The Essex Man
Created by Gary Phillips
Maybe the haberdashery is down to earth, but there's still plenty of craziness -- and a deep, throbbing vein of comic book BIFF! BANG! POW! -- running through 10 Seconds to Death (2013), not to mention the distinct echoes of the beloved "Men's Adventure" books of seventies (The Executioner, The Destroyer, et al) and the larger-than-life hero pulps of the thirties and forties, such as Doc Savage or Jim Anthony.
But honestly? The real inspiration seems to be the author's affection for the paperbacks he read as a teenager growing up in South Central Los Angeles in the '70s.
Handsome man about town and philanthropist Warfield is, of course, big-ass wealthy: the head of the Los Angeles-based Essex Foundation. He lives in the swanky three-storey mansion that serves as charity's headquarters. He has servants, a private pool, a hot girlfriend, and all the typical accountrements of male wish fulfillment. Plus a secret room that houses a mini-submarine (complete with secret access to the ocean), a wall-sized, electronic-voiced computer named Asimov, assorted other high-tech crime fighting gadgetry and -- in case anybody has somehow missed the connection -- a giant replica of a penny.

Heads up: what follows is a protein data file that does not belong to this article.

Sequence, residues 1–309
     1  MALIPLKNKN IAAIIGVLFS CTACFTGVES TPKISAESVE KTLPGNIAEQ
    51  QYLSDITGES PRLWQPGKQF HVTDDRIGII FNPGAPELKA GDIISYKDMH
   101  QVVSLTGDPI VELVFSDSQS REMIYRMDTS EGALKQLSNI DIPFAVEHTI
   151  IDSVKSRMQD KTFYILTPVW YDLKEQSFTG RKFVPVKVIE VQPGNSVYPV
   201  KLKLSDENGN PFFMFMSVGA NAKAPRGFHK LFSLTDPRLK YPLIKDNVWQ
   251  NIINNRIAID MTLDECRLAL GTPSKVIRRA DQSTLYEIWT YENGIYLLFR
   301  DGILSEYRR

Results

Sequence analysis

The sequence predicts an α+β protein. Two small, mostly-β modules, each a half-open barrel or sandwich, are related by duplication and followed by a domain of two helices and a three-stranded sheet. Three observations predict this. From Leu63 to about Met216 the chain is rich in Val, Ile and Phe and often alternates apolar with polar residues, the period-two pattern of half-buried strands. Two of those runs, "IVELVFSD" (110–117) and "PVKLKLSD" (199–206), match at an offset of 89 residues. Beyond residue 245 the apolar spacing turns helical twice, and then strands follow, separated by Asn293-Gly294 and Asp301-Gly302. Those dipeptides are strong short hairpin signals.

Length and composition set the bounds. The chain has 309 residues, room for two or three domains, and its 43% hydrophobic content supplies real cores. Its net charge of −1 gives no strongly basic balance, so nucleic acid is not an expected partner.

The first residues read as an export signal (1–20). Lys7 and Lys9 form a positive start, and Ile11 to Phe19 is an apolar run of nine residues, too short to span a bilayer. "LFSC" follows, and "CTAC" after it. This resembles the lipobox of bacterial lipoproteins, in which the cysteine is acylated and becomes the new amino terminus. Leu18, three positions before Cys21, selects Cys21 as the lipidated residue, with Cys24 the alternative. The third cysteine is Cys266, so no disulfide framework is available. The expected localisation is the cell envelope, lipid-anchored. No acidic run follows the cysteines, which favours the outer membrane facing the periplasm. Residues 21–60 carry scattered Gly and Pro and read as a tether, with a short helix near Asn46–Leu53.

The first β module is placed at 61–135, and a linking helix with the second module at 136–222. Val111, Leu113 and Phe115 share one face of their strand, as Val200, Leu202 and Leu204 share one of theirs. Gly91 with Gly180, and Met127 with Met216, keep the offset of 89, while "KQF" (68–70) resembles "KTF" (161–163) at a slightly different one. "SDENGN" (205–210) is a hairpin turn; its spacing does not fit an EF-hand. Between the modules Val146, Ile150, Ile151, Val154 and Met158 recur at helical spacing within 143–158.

Warfield also has a shady past (of course) and many sins to atone for, so he spends a good chunk of his time using the Foundation's deep coffers, his formidable intelligence, clout and fancy toys to see that justice -- or at least his own particular version of it -- is done.
Yeah, it's a goofy concept, and in the hands of a lesser writer, it might easily have simply ended up being adolescent wankery. But Phillips is too smart, and too good a writer, for that. He brings plenty of political, social and cultural heft and hard-boiled swagger to the party; that same rare combo of pulp grit and street smarts that he's brought to his acclaimed Ivan Monk detective series and other works.
The author tracers the roots of the Essex Man in this Criminal Elements post, and hints at where he may be going...
Respectfully submitted by Kevin Burton Smith.
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